I was on a healthy path. Vinyasa yoga, gluten free muffins and power kale drinks at Whole Foods were the standard formula of well being for the past two weeks. I was beginning to wean off my electric cigarette filled with Tiramisu-flavored vapor. I'm feeling fantastic!
Then came the downward spiral. A fellow sci-fi freak friend of mine complimented my new hair color and suggested my previous blonde streaks were transforming into Evil Doll Chucky orange. The image was horrific. Not the lack of toner in whatever mix the hair coloring alchemist stirred up, but the idea of a doll. A demonic doll. One with blue sparkle eyes with bent plastic lashes, a weapon in hand bursting through cellophane scurrying through Target aisles attacking women in lavender capri pants. Suddenly, it's funny. The little missing chip of ceramic on its forehead forces a nervous giggle. Images spring forth. Clowns, puppets, and haunted dolls in creaking attics from film scenes formulated.
(No one would pick on HIS color.)
Sarasota has been home for almost two years now. After a stop at The Hob Nob Diner, I realized far too much time had passed, and it was time I step into Video Renaissance. For months, the buzzing swirled around me of this local gem that carries every film imaginable as well as owner, Bill Woolridge's vast knowledge.
"We need to rent the new Mission Impossible," my husband suggests.
No, we don't.
And no to Thor and no to Predator vs Alien.
I had a list going two weeks ago of films I wanted to watch again: High Art, The Pillow Book, and Harold and Maude. However, a giant set of shears seemed to snip that cinematic list like severing a marionette as you watch it drop to its wooden knees.
I want creepy strange movies to go with my splurging of pretty sugary Lollicakes. A new list forms: Trilogy of Terror, Puppet Master and Magic.
When it comes to Horror, I turn to my friend Tom Piccirilli. Tom is the author of more than twenty novels including The Last Kind Words, Shadow Season, The Cold Spot, The Coldest Mile and A Choir of Ill Children. He's won two International Thriller Awards and four Bram Stoker Awards, as well as having been nominated for the Edgar, the World Fantasy Award, the Macavity, and Le Grand Prix de l'Imaginaire.
His thoughts on my selections? "The first Puppet Master film was good old-fashioned schlocky fun. The sequels grew progressively more muddled, flat, and unfun. Prey from Trilogy of Terror, written by the great Richard Matheson, remains a fave. It scared the hell out of me when I was seven and can still give me chills. Karen Black really gave her all to that performance, and the little sharp-tooth Zuni doll is instantly identifiable by anybody in my age bracket."
1.Trilogy of Terror (1975) - "Prey". Had to be my number one. In 1975, Karen Black shared the screen with an evil tribal doll. This film still terrifies my husband and he won't watch it. Amazing isn't it? How the footage of charcoal smoke belching out of an oven as the demon doll is engulfed in flames. The screeches and wails stay with you thirty years later. As a former flight attendant, Karen Black is a personal hero of mine. Secretly during flight attendant training we would reenact scenes of hers from Airport '75. Yes, that one. ("There's no one left to fly the plane!"). But, that co-star of hers in Trilogy of Terror... Oh, dear. She's safe until his golden safety chain snaps. He bares his white razor teeth as his frenzied arm sways manically at her legs with a knife. Horrific! ... Oh! It's as horrific as I remember it as a child. And, I love it as I pop open another packet of ketchup to spray over my french fries.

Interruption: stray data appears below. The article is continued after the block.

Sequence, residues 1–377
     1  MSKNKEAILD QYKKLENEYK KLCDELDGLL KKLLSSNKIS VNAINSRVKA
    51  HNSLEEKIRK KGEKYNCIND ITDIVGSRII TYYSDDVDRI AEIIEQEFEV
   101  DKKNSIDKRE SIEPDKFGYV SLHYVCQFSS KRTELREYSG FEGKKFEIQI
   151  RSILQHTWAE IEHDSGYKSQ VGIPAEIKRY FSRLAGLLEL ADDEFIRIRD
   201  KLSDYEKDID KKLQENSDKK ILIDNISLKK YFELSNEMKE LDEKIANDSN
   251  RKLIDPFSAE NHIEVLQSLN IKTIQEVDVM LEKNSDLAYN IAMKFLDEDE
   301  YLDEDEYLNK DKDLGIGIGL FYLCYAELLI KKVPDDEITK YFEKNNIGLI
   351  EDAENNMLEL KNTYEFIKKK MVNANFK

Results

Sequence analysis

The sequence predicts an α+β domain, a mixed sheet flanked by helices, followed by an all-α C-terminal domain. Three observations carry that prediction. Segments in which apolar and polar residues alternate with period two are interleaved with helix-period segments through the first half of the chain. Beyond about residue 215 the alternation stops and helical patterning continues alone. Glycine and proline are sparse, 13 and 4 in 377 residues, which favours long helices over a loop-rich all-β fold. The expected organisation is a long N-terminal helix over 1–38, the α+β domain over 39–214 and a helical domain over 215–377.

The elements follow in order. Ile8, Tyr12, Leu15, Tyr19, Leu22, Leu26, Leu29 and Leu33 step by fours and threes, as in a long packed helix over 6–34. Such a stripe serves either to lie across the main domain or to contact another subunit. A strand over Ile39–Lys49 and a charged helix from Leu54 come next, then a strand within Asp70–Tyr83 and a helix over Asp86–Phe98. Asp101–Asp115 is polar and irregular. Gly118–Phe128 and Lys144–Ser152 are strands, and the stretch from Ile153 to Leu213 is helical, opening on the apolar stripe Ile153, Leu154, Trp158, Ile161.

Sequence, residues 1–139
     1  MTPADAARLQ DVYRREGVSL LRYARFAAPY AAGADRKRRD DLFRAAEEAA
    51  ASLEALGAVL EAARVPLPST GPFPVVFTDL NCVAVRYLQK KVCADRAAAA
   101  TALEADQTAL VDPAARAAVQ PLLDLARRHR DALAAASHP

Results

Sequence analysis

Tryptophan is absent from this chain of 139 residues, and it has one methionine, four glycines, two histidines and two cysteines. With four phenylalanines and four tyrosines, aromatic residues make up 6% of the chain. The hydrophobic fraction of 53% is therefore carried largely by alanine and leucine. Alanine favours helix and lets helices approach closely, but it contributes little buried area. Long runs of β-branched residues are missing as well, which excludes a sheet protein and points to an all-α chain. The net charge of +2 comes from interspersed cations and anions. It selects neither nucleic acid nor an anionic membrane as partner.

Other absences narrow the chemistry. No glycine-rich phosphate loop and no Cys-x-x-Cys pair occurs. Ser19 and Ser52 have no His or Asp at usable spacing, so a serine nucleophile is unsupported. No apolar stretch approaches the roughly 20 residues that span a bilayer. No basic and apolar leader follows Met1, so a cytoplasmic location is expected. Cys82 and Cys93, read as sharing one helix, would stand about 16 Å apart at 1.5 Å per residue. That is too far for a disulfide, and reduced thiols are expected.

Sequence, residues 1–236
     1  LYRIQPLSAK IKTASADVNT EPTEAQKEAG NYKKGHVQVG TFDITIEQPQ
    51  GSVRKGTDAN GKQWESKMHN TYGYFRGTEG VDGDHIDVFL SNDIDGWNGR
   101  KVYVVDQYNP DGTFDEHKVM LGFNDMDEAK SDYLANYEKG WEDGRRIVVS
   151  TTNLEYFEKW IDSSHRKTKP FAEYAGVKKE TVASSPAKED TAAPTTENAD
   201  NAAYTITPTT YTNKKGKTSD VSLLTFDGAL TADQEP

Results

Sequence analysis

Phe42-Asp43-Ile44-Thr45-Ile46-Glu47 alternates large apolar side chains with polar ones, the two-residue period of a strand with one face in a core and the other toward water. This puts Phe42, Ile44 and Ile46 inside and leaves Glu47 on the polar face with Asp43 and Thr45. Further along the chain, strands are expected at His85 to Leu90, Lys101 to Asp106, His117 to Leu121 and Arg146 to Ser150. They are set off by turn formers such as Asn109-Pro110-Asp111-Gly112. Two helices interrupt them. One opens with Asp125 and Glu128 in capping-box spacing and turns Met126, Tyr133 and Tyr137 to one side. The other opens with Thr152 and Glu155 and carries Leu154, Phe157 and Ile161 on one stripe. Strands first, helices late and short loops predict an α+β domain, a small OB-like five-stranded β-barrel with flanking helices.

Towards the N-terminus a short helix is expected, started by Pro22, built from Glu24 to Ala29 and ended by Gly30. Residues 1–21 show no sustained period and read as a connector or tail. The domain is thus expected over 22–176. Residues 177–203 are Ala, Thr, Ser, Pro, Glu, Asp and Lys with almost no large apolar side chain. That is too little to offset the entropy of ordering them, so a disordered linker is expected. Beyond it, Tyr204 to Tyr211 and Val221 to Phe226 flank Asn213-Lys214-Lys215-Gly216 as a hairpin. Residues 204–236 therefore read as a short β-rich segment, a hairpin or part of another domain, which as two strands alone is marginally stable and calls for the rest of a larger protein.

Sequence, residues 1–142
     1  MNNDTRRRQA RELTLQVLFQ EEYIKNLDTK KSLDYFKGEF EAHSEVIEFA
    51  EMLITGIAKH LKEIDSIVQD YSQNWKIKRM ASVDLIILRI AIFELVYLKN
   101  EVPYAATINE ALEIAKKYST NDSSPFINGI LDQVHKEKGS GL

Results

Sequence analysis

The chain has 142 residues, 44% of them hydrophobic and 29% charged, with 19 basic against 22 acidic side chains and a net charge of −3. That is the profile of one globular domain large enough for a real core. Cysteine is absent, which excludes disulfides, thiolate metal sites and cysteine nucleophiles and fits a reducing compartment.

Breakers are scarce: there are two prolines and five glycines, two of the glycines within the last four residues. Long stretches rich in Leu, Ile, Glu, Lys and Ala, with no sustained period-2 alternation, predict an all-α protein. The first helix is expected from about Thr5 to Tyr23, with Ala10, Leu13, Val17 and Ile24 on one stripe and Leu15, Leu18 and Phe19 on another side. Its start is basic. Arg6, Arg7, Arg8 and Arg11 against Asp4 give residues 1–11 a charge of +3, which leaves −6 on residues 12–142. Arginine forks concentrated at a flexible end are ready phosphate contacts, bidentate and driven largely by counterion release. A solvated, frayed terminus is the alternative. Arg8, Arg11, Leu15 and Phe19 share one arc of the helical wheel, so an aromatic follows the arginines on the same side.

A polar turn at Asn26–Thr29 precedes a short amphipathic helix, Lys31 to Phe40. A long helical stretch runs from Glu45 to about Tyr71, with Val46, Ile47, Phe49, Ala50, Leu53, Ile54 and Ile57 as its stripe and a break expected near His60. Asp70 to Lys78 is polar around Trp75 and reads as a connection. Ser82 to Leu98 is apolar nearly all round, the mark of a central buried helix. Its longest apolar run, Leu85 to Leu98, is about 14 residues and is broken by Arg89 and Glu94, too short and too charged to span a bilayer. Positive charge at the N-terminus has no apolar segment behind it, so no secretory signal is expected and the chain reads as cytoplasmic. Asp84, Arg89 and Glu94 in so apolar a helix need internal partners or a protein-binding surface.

(Spoiler Alert: If you don't want to see how it ends, avoid the final minute.)
2. Puppet Master (1989). The Puppet Master franchise has a serious cult following. The original was directed in 1989 by David Schmoeller and written by Charles Band and Kenneth Hall. Later, it spawned nine sequels. The original was brilliant, and I joyously admit I found these little wooden soldiers from hell were kinda funny and cute. Well, not Pomeranian or baby Panda cute. More of an amusingly creepy-strange cute.
For example, this little guy ,"Tunneler", conjured up fears of shop class in high school.
3. Magic (1978) - Prior to Hannibal Lecter, Anthony Hopkins portrayed magician, Charles "Corky" Withers in the 1978 psychological horror, Magic. Directed by Richard Attenborough and along with a stellar cast including Ann-Margret and Burgess Meredith, we witnessed how a puppet can deliver a psychotic horror of displaced identity. I separate this film from my prior two choices as a masterful film that I find little to laugh at. Perhaps, a terror stems on the believable nature that one could truly transfer their psychosis through an object. This could happen to anyone we know - your average guy. There lies a greater threat. Erving Goffman's Presentation of Self in Everyday Life comes to mind, with the display of human nature and the multitude of "masks" we operate in - on stage and off.
My stomach was full and cravings met. Perhaps the next list of rentals will be lighter. Perhaps I'll be back on green drinks and holding plank for twenty breaths. Who knows what sarcastic text message from a friend will hatch a new list before I venture back into Video Renaissance. Walking through the collections and shelves, the movie lover in me was overwhelmed with the most amazing selections they offer. I barely scratched the surface.